Black's Law Dictionary defines the term in flagrante delicto as "in the very act of committing a crime or other wrong; red-handed." Black's Law Dictionary 794 (8th ed. 2004).
The Mississippi Supreme Court in Fuselier v. State, 468 So.2d 45 (Miss. 1985), addressed a similar situation. In that case, the defendant, an escapee from the Louisiana State Penitentiary, was charged with the murder of a woman as well as the theft of her car. At his trial, the prosecution presented evidence that when police arrived at the house where the defendant was staying, he jumped out of a back window and attempted to run toward some woods. Id. at 57. During the guilt phase of the defendant's trial the fact that he was an escapee from the Louisiana State Penitentiary was not presented to the jury, and at the close of the trial, the trial court gave a flight instruction. The defendant argued that the evidence of his flight did not support the flight instruction because, "as an escapee, he had an independent sufficient cause to flee." Id.
The Mississippi Supreme Court determined that the defendant "was obviously put in a no-win situation by either being required to explain his flight by the fact that he was a prison escapee or not explaining the flight and subjecting himself to a flight instruction." Id. The Court concluded that "because the court was aware of an explanation for [the defendant's] flight, which was at that time inadmissible, we are of the of the opinion that the flight instruction should not have been granted." See also Young v. State, 601 So.2d 636, 638 (Fla.Dist.Ct.App. 1992) ("[T]he admission of evidence of flight from one crime scene during a short period of time when several crimes have been committed make it difficult, if not impossible, to determine that the flight resulted from feelings of guilt attributable to a particular crime").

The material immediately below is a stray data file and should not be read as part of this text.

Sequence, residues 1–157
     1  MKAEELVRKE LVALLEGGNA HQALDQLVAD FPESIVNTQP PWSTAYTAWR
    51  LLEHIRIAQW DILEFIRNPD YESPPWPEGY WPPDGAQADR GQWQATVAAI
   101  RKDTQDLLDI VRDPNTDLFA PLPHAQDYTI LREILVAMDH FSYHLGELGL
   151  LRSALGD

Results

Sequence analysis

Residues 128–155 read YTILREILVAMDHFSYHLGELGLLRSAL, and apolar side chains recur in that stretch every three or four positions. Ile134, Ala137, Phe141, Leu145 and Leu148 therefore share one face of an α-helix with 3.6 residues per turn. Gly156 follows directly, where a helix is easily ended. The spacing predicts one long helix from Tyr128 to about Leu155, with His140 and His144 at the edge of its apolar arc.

Where the defendant possesses an innocent explanation that does not risk prejudicing the jury against him, it would be expected that the defendant would present his purported reasons for his flight to the jury. It is error, however, for the trial judge to give such an instruction in a case like the case sub judice where the defendant would be prejudiced by the revelation of the "guilty" explanation for his flight. The circumstances of the case at bar impaired the confidence with which the inference that Mr. Thompson fled from police due to a consciousness of guilt with respect to the crimes charged could be drawn and rendered the instruction misleading as to the existence of an alternative basis for Mr. Thompson's flight from the police.